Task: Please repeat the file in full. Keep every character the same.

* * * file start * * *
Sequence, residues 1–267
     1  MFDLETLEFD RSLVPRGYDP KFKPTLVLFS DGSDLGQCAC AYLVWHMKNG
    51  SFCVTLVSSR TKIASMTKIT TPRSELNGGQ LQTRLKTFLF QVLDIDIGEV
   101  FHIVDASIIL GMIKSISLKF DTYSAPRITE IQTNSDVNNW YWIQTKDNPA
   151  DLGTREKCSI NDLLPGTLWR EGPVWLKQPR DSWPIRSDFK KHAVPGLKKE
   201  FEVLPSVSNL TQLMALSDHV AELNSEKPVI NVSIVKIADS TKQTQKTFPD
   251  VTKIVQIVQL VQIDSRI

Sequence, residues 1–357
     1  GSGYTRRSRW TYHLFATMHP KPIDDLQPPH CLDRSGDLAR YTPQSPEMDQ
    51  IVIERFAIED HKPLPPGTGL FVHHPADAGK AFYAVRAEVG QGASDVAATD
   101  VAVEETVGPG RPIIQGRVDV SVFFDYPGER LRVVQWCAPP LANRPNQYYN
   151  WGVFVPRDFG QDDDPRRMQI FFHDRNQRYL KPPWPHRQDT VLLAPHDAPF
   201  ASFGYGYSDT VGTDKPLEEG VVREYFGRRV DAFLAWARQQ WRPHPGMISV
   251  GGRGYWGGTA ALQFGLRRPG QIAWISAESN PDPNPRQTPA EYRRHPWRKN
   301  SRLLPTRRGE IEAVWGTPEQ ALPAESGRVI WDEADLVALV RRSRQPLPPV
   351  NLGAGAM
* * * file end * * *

Sequence, residues 1–267
     1  MFDLETLEFD RSLVPRGYDP KFKPTLVLFS DGSDLGQCAC AYLVWHMKNG
    51  SFCVTLVSSR TKIASMTKIT TPRSELNGGQ LQTRLKTFLF QVLDIDIGEV
   101  FHIVDASIIL GMIKSISLKF DTYSAPRITE IQTNSDVNNW YWIQTKDNPA
   151  DLGTREKCSI NDLLPGTLWR EGPVWLKQPR DSWPIRSDFK KHAVPGLKKE
   201  FEVLPSVSNL TQLMALSDHV AELNSEKPVI NVSIVKIADS TKQTQKTFPD
   251  VTKIVQIVQL VQIDSRI

Sequence, residues 1–357
     1  GSGYTRRSRW TYHLFATMHP KPIDDLQPPH CLDRSGDLAR YTPQSPEMDQ
    51  IVIERFAIED HKPLPPGTGL FVHHPADAGK AFYAVRAEVG QGASDVAATD
   101  VAVEETVGPG RPIIQGRVDV SVFFDYPGER LRVVQWCAPP LANRPNQYYN
   151  WGVFVPRDFG QDDDPRRMQI FFHDRNQRYL KPPWPHRQDT VLLAPHDAPF
   201  ASFGYGYSDT VGTDKPLEEG VVREYFGRRV DAFLAWARQQ WRPHPGMISV
   251  GGRGYWGGTA ALQFGLRRPG QIAWISAESN PDPNPRQTPA EYRRHPWRKN
   301  SRLLPTRRGE IEAVWGTPEQ ALPAESGRVI WDEADLVALV RRSRQPLPPV
   351  NLGAGAM